Part 1, Renaissance, sets the scene: '" Contadino" (peasant/farmer) was a derogatory term… Until the 1970s, it was very difficult for a farm/peasant boy to marry outside his social class. They were considered labourers more than anything else.' Italian wine simply wasn't on the international map. Hugh Johnson's World Atlas of Wine in 1971 relegated the whole of Italy to a miscellaneous chapter on southern and eastern Europe. France got 72 pages. And although the total production of Italian wine is slowly decreasing, economist Stefano Micelli sets out to prove that quality has gone up immeasurably – from cheap, badly made plonk to wines that stand side-by-side with the best in the world – and offers the reasons why. Filiputti takes his magnifying glass to the people and estates that led the charge from obscurity to icon (and the rather unexpected role that Prince Phillip played in the rise of the Supertuscans). The Renaissance section also looks at the impact of international markets, and here is a veritable honours board of American journalists, authors, chefs, entrepreneurs and sommeliers who brought Italian wine to the American people. Pages and pages of glowing American names are followed by a couple of pages on Germany, a couple of pages on Switzerland, and then a rather desultory nod towards Britain despite  Nicolas Belfrage's valiant contribution (at least Walter Speller gets a mention, however briefly). Us Brits clearly didn't do much for the renaissance.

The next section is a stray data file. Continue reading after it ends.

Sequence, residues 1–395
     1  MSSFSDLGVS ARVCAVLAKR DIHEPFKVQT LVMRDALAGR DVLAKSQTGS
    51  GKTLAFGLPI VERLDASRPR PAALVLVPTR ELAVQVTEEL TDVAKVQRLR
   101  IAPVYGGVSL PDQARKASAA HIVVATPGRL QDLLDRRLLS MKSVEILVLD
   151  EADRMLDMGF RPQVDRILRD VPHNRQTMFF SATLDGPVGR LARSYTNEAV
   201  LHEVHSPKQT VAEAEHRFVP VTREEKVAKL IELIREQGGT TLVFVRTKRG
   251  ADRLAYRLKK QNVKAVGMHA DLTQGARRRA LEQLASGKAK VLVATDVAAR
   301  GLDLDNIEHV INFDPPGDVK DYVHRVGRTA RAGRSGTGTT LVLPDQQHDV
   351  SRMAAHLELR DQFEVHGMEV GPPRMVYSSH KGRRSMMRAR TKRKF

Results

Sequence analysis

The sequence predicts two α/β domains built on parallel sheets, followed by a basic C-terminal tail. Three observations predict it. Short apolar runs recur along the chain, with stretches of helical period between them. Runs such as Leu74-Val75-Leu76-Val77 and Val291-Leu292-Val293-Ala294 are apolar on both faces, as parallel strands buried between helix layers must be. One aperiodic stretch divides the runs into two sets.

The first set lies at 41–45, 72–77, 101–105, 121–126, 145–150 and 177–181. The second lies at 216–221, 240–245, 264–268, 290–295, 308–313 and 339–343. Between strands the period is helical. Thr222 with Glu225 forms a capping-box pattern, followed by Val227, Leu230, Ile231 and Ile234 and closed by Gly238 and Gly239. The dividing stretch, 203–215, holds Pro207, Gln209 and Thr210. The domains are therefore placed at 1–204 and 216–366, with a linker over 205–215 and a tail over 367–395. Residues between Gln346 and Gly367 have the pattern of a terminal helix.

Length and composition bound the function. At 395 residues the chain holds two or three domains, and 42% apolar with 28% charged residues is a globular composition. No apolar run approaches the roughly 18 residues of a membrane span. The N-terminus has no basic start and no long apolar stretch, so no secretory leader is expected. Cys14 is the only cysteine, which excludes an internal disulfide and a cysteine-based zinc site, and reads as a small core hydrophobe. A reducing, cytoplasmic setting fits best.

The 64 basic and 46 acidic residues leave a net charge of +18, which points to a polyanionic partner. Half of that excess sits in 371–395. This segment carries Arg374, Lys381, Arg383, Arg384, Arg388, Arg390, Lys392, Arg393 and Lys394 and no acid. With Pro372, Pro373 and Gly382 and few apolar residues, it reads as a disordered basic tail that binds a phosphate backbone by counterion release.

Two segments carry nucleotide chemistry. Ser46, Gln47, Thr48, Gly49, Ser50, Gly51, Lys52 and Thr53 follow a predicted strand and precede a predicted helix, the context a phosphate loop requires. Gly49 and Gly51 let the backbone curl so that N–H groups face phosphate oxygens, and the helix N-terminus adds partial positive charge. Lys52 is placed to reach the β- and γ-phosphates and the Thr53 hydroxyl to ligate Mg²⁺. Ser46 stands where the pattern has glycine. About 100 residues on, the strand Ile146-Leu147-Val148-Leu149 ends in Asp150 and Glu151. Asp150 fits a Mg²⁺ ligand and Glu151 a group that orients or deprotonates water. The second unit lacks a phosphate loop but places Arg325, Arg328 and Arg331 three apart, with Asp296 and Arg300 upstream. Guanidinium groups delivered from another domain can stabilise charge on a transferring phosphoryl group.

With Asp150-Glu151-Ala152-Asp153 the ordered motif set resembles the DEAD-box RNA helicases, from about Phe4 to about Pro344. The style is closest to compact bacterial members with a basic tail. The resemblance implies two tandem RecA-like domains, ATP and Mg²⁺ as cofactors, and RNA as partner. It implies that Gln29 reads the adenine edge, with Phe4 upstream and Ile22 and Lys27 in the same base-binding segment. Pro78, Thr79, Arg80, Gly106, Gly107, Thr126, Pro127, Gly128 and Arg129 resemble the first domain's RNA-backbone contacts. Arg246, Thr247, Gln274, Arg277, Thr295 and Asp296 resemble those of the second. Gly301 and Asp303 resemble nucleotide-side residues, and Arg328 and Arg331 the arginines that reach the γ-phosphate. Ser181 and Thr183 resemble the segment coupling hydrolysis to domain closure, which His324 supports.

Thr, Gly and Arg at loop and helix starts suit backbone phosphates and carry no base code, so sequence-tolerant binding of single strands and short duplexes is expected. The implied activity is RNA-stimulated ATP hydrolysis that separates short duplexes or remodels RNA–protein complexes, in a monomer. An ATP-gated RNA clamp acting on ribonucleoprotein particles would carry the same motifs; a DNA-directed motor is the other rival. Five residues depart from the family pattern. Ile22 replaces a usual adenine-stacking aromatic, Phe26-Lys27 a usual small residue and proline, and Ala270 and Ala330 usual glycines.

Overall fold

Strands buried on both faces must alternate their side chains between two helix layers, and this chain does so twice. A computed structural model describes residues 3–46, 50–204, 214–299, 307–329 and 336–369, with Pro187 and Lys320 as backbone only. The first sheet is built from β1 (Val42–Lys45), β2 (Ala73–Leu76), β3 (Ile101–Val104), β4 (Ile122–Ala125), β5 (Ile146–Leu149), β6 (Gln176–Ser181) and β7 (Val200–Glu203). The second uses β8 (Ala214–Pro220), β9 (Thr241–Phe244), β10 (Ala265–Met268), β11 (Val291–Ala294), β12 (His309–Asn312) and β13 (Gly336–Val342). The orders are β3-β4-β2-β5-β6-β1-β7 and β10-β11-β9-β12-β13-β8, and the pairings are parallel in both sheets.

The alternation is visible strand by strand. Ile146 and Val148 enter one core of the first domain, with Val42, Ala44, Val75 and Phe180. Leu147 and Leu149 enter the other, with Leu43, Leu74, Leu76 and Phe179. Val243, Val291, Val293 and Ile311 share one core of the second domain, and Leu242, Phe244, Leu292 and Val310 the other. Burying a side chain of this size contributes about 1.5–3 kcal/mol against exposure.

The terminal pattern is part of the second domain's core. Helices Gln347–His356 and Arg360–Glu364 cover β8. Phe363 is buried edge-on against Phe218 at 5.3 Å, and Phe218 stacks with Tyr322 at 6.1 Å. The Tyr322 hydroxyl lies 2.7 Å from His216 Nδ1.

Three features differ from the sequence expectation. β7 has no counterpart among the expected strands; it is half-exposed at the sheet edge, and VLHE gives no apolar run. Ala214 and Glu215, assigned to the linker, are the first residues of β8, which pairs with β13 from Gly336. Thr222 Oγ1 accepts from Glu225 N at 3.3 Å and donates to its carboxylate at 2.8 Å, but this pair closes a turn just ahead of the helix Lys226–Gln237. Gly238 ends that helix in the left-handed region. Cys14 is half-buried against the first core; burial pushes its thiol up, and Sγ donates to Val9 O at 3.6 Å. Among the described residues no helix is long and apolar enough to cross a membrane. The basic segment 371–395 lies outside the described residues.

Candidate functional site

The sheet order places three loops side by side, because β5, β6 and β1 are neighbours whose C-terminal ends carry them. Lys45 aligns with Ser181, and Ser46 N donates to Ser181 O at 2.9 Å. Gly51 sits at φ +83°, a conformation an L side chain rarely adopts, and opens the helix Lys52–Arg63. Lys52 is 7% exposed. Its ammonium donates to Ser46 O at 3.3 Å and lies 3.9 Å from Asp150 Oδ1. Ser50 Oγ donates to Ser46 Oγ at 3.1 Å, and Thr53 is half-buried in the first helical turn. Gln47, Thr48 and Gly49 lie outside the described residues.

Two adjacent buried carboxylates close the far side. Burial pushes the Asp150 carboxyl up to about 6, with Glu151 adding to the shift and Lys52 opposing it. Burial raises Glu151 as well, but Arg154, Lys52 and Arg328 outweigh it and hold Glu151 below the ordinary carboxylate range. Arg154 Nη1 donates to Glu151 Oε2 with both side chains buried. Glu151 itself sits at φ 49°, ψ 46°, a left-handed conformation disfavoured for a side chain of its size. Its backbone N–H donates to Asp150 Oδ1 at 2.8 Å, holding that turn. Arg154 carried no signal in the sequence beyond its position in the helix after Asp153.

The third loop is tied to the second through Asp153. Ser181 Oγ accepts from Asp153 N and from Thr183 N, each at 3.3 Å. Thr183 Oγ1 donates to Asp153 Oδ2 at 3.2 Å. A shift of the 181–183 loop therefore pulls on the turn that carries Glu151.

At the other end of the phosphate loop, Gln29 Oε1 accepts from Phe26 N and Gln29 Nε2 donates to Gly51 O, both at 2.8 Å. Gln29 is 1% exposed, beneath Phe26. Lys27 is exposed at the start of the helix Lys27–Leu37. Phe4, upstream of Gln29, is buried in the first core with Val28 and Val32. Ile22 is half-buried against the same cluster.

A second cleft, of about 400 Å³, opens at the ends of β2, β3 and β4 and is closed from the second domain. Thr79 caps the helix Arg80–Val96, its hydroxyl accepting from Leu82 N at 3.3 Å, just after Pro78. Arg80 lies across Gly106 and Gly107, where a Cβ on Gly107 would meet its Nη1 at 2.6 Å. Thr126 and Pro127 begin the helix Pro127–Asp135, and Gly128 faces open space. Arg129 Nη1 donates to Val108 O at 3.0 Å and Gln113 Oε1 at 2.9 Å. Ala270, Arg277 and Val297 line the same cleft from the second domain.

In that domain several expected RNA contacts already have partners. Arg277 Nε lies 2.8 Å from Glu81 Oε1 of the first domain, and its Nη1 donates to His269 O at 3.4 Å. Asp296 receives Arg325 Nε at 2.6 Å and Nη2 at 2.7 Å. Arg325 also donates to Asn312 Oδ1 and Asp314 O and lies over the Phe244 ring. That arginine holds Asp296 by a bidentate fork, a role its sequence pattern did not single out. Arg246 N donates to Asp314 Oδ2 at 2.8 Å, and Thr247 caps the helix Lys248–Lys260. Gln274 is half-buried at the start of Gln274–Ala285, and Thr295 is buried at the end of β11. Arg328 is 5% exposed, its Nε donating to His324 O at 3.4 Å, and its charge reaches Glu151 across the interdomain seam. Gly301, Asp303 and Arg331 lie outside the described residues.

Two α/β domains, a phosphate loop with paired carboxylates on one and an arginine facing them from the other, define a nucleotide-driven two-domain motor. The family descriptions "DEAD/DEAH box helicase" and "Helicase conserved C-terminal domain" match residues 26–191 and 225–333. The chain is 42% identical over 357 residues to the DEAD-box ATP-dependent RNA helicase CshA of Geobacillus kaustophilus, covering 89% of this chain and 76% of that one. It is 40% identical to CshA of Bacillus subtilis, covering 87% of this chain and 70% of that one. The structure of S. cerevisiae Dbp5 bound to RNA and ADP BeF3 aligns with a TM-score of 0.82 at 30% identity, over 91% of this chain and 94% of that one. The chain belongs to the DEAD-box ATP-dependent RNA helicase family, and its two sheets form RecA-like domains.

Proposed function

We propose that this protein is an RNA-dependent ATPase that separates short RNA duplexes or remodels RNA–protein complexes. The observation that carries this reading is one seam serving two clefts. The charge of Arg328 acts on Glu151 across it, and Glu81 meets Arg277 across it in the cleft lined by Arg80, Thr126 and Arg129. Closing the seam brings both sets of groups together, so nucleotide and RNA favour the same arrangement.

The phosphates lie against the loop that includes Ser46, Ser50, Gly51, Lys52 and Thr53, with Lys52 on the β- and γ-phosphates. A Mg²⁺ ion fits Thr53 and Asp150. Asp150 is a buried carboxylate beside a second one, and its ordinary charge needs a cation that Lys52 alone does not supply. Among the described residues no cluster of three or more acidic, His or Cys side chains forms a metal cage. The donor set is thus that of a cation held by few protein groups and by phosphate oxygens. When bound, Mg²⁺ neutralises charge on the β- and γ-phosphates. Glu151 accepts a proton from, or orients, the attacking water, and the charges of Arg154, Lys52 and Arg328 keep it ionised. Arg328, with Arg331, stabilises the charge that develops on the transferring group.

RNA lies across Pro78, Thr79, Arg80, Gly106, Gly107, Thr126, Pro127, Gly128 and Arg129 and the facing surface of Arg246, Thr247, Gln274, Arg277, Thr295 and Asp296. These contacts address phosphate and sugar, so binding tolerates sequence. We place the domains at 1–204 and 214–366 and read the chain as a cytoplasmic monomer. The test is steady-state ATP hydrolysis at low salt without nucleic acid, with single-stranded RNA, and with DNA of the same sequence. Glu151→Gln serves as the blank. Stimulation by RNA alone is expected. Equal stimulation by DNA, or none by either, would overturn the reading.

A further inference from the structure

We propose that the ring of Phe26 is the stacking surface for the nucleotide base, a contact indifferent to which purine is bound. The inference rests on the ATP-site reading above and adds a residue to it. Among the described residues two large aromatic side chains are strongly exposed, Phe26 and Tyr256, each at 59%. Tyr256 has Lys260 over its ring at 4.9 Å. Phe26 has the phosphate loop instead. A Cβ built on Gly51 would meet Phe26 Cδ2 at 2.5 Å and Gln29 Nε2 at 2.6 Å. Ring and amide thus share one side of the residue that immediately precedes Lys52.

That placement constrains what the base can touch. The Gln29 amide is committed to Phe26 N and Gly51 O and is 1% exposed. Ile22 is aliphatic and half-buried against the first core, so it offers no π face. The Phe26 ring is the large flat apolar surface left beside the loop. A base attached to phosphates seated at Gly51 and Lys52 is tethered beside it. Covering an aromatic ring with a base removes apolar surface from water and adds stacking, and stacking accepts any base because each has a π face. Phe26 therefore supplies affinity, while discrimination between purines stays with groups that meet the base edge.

Part 2, Innovation, focuses first on Milan, the hotbed of wine intellect. The rise of oenologists (much despised in the 1960s), AIS (Italian Sommelier Association), ONAV (Italian National Organisation of Wine Masters), Riedel, Vinarius, and a surge in the production of new and advanced winemaking machinery, all began to gain traction and recognition from the 1960s to the 1980s. Via the rather heartening and unexpectedly brave story of Nonino grappa, Filiputti traces the rescue and revival of the now-so-important autochthonous grape varieties of Italy. He follows this up with the controversy and crisis of the 1963 DOC laws that split the wine-producing Italian world in two and gave rise to the paradoxical pre-eminence of table wines. Subsequent chapters deal with the history and impact of Vinitaly, changing attitudes from chemicals to sustainability, terroir, and revolutions in the vineyards and cellars. His observations on the impact of barriques are particularly thought-provoking.